Sound, timely and well-designed economic policy-making can benefit from economic research.
My main research areas are macroeconomics, public economics and labor and demographic economics. Examples include fiscal policies, taxation, public expenditures and pensions, debt, unemployment, retirement or informal labor markets. In addition, from the beginning I have been interested in international economics, such as trade or competitiveness. Several of my projects have been borderline cases between different fields in economics or between economics and political science.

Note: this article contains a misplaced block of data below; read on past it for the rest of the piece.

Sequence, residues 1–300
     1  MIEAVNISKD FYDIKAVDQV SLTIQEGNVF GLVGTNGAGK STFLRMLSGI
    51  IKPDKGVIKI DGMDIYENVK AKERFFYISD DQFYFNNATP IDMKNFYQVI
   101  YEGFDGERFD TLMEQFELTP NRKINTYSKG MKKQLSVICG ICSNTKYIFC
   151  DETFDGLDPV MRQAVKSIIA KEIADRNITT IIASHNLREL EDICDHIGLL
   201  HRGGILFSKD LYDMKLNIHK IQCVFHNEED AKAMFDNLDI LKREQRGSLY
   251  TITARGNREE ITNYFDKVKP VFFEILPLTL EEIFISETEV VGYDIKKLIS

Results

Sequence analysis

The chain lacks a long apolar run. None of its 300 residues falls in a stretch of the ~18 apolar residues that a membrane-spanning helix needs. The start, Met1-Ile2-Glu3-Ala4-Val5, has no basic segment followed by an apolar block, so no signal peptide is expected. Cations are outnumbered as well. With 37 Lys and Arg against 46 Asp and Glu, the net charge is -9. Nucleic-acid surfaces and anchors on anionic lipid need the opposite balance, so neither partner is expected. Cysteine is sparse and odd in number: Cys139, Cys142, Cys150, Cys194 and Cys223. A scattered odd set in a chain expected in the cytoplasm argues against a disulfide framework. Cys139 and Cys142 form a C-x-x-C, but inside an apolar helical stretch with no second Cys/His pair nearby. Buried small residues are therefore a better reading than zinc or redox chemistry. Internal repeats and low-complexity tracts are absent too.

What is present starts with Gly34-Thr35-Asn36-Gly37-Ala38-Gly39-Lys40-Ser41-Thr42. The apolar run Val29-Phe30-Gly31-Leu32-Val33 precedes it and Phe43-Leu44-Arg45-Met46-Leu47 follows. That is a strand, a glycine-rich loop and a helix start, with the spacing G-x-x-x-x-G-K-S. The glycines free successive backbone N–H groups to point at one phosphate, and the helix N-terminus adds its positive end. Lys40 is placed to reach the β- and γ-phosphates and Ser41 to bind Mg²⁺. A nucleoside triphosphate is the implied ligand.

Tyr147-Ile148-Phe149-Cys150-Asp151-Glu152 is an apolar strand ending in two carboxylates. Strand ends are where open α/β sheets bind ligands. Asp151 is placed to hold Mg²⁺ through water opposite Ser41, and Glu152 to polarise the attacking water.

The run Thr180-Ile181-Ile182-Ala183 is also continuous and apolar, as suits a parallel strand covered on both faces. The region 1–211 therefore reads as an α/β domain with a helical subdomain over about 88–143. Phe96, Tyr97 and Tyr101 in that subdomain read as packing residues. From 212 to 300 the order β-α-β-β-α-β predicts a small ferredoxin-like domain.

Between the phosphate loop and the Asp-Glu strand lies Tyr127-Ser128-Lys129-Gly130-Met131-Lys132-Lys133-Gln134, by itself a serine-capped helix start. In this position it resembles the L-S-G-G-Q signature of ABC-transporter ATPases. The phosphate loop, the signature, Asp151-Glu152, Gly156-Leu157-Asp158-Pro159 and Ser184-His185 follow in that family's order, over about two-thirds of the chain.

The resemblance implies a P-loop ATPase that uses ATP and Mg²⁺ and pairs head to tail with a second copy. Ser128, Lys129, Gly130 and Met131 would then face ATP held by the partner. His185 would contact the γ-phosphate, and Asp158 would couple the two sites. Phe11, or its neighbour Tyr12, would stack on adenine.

Regarding the methodologies, I primarily use quantitative macroeconomic modeling techniques, such as D(S)GE models, New Keynesian models or models with overlapping generations. Nonetheless, I am familiar with (macro)econometrics, in particular, (S)VAR, time series or panel econometrics.